Harold Wilson was wrong when he said a week is a long time in politics. If he had come to Medway he would know it was a %@*! long time.
At the heart of the shenanigans over the past few days has been Cllr Craig Mackinlay. He is looking increasingly isolated over his role as agent to David Craggs, the councillor who was elected for River ward only to resign less than a fortnight later.
By coincidence the former Medway Cabinet member, Chris Buckwell will act as agent for everyone (including Mr Mackinlay) for the May 5 local elections. Everyone, that is, within the Rochester and Strood Constituency Conservative Association.
A lot of mud has been thrown and background briefings given about the debacle.
The facts are that it cost taxpayers £11,500 to stage the election.
Labour fell 73 votes short of the Tory candidate who resigned 13 days later.
Mr Craggs was a headmaster, a Special Constable, a one-time Territorial Army member and therefore, on the face of it, ideal to be a councillor.
The by-election attracted 1,382 voters, and cost around £8.32 for each voter who bothered to turn out.
He might have seemed ideal. But he is a Special in the Kent Constabulary. That is Home Office-funded and therefore excludes local politicians from being Specials.
After all, councillors can be appointed to sit on the Kent Police Authority. It directs and deals with issues such as discipline.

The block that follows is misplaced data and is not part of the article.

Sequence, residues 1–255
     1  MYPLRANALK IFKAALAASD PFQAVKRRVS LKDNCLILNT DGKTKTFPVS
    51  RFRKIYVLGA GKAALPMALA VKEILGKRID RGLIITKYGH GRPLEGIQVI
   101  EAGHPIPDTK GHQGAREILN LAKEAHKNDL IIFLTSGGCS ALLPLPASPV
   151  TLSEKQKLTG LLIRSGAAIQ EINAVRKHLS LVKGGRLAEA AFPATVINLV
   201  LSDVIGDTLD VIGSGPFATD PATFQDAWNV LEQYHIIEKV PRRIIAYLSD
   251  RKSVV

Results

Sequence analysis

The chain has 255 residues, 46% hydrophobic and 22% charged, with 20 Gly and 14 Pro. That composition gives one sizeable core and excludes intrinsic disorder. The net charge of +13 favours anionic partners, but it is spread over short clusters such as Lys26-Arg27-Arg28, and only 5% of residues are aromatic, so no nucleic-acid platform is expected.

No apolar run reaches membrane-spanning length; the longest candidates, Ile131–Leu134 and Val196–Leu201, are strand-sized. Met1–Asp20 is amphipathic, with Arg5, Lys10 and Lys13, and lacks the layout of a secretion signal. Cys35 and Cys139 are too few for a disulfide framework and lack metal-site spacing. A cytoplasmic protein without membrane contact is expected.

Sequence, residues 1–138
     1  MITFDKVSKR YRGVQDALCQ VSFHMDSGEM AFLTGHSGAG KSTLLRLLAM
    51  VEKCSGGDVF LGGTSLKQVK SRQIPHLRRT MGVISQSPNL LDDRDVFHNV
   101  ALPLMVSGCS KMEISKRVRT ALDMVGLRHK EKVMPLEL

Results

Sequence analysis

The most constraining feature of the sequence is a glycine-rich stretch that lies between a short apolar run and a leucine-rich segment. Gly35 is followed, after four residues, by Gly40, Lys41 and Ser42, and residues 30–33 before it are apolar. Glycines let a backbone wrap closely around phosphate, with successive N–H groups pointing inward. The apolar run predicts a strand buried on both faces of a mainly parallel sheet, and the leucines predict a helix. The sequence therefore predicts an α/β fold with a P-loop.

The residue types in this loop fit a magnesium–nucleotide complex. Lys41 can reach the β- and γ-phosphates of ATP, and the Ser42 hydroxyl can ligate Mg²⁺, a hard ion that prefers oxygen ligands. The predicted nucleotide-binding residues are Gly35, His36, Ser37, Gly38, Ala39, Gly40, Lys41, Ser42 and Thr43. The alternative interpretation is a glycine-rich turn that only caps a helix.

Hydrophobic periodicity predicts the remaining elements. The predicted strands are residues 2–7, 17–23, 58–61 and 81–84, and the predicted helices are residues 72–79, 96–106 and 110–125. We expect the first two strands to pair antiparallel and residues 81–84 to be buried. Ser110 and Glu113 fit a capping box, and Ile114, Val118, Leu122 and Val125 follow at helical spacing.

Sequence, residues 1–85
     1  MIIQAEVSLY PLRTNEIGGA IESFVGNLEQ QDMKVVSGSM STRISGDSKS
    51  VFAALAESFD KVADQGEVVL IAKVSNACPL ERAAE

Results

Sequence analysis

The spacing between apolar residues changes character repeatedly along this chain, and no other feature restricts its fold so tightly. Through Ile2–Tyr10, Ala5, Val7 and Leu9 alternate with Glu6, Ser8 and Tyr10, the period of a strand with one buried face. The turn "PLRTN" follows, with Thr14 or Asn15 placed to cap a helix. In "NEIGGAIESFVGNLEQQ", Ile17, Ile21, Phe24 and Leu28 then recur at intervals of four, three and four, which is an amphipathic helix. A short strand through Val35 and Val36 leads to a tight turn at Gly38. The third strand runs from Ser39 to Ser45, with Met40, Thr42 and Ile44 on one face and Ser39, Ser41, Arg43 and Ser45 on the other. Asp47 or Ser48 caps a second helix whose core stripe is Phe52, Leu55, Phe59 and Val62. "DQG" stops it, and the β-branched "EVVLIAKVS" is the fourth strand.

Imagine what would happen if a councillor was the subject of a disciplinary hearing because he wore the police uniform.
The police regulations are not clear. What is clear is that the chief constable has to know of any conflict of interests.
In this case, Ian Learmonth faced the problem in his first days as head of the force. He ruled against a Special being a councillor. It was up to Mr Craggs to decide which he wanted to be. He chose the force he has served for 17 years, and ended his brief political career.
What has followed has become increasingly acrimonious and masks many questions.
Cllr Mackinlay is an experienced political campaigner. He has been fighting elections for many years.
He was Mr Craggs' agent. That gave him responsibility for ensuring the candidate was suitable and could be elected. The ultimate responsibility for the candidates lies with their agents.
In the past few days he published a party political leaflet for River ward residents in which there was an aggressive attack on Mr Learmonth, and saying that the police should foot the bill for the election to find Mr Craggs replacement.
Unfortunately, he is hazy about precisely who advised the association or himself about the legal aspects. That doesn't help his case.
He has also stirred up a massive hornets' nest.
The Chairman of the police authority is reporting him to the Standards Committee.
The police force led by Mr Learmonth is doing the same.
Both accuse him of making false statements and bringing his office into disrepute.
This promises to run and run.
The Rochester and Chatham Constituency Conservative Association issued a glossy all-colour newsletter for the Strood area. Somewhat inappropriately at the present time it's called In Touch.
There's a fine photograph of councillors Les Wicks and Jane Etheridge congratulating the latest member of the administration on his election.
The only problem is that the successful councillor was David Craggs.
He had already resigned, and told the media his brief political career was over by the time many people received the newsletter.
If you want the facts - read the Medway Messenger.